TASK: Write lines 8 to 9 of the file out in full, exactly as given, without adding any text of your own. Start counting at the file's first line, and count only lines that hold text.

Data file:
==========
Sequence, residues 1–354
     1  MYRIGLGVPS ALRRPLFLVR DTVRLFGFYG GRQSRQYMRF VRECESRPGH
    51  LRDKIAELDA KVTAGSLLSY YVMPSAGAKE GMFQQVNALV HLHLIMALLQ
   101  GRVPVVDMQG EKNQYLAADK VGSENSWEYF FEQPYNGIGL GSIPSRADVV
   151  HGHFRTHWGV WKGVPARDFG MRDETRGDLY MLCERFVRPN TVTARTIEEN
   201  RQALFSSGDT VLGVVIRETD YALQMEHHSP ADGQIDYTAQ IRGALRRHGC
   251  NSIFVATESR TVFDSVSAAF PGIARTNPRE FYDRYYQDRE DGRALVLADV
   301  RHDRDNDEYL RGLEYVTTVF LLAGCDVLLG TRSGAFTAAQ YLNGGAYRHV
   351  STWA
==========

   301  RHDRDNDEYL RGLEYVTTVF LLAGCDVLLG TRSGAFTAAQ YLNGGAYRHV
   351  STWA